Due to the holiday, this week’s meeting will be held at the Anderson University’s G. Ross Anderson Student Center, with the meal line opening at 11:30 and the meeting starting about 12:10.  Players and coach who will be honored on Friday will be announced on Thursday.

Visitors are welcome. Call 864-226-7380 for additional information.


Study: Sleep Deprivation Can Cause Mental, Memory Lapses

Nov. 6 (UPI) -- Not getting enough sleep?

Sleep deprivation disrupts brain cells that can lead to temporary mental lapses that affect memory and visual perception, including causing vehicle accidents, according to a study led by UCLA's Dr. Itzhak Fried.

"You have to remember not only you are sleep deprived but the brain is sleep deprived," said Fried, the study's senior author, a professor of neurosurgery at the David Geffen School of Medicine at UCLA and Tel Aviv University, in a video released by UCLA Health.

The research, published Monday in Nature Medicine, is the first to reveal how sleep deprivation disrupts brain cells.

"We discovered that starving the body of sleep also robs neurons of the ability to function properly," Fried said. "This leads to cognitive lapses in how we perceive and react to the world around us."

Fried said not getting enough sleep can be as dangerous as drinking too much.

"Severe fatigue exerts a similar influence on the brain to drinking too much," Fried said. "Yet no legal or medical standards exist for identifying overtired drivers on the road the same way we target drunk drivers."

In previous studies, he noted sleep deprivation was linked to a heightened risk for depression, obesity, diabetes, heart attacks and stroke.

In the new study, an international team of scientists studied 12 people preparing to undergo surgery at UCLA for epilepsy, which can be provoked because of lack of sleep.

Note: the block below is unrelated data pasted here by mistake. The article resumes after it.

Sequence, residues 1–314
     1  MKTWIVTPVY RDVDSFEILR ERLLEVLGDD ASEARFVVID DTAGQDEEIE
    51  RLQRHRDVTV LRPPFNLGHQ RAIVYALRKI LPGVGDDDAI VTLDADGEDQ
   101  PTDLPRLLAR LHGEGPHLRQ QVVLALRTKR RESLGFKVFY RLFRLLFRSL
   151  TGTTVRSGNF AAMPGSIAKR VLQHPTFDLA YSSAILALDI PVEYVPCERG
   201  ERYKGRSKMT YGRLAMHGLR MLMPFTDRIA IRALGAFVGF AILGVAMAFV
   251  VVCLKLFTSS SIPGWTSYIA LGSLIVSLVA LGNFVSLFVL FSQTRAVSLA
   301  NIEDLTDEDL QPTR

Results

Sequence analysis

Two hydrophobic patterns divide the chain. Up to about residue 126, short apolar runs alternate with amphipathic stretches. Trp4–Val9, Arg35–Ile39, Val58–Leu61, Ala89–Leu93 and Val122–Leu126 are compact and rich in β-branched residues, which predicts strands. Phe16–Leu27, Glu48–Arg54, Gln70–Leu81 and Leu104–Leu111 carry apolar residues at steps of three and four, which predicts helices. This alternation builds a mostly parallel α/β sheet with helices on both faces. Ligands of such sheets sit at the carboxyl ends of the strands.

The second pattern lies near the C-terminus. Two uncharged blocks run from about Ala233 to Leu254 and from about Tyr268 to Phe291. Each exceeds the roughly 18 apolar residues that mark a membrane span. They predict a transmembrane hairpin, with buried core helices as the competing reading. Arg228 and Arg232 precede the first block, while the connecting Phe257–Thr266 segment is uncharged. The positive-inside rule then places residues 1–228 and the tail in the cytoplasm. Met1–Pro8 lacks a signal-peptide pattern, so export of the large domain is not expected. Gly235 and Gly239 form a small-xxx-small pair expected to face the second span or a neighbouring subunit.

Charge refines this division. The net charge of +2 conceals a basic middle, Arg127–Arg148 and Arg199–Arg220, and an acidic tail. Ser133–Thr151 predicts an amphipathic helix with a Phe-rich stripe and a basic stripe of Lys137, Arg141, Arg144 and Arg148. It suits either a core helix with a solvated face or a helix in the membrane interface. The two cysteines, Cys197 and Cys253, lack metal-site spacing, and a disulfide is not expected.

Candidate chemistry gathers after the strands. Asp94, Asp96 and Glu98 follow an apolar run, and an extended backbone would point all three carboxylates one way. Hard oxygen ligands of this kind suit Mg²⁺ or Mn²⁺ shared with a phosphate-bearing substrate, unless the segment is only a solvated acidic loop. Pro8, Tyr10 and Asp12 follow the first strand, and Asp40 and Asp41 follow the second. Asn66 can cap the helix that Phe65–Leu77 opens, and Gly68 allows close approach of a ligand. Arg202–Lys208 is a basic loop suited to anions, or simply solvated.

Electrodes were implanted in their brains to find the origin of their seizures before surgery.

Each participant was asked to categorize images as quickly as possible. The electrodes recorded the firing of roughly 1,500 brain cells from all the patients. The scientists focused on neurons in the temporal lobe, which regulates visual perception and memory.

As the patients grew sleepier, it became more difficult to perform the task. Brain cells also slowed down.

"We were fascinated to observe how sleep deprivation dampened brain cell activity," said lead author Yuval Nir of Tel Aviv University. "Unlike the usual rapid reaction, the neurons responded slowly and fired more weakly, and their transmissions dragged on longer than usual."

This situation can occur when a sleep-deprived driver notices a pedestrian stepping in front of his car.

"The very act of seeing the pedestrian slows down in the driver's overtired brain," Fried said. "It takes longer for his brain to register what he's perceiving."

In the study, researchers noticed portions of the brain operated differently.

"This phenomenon suggests that select regions of the patients' brains were dozing, causing mental lapses, while the rest of the brain was awake and running as usual."

The research staff plans to explore the benefits of sleep and why the brain misfunctions because of the lack of sleep.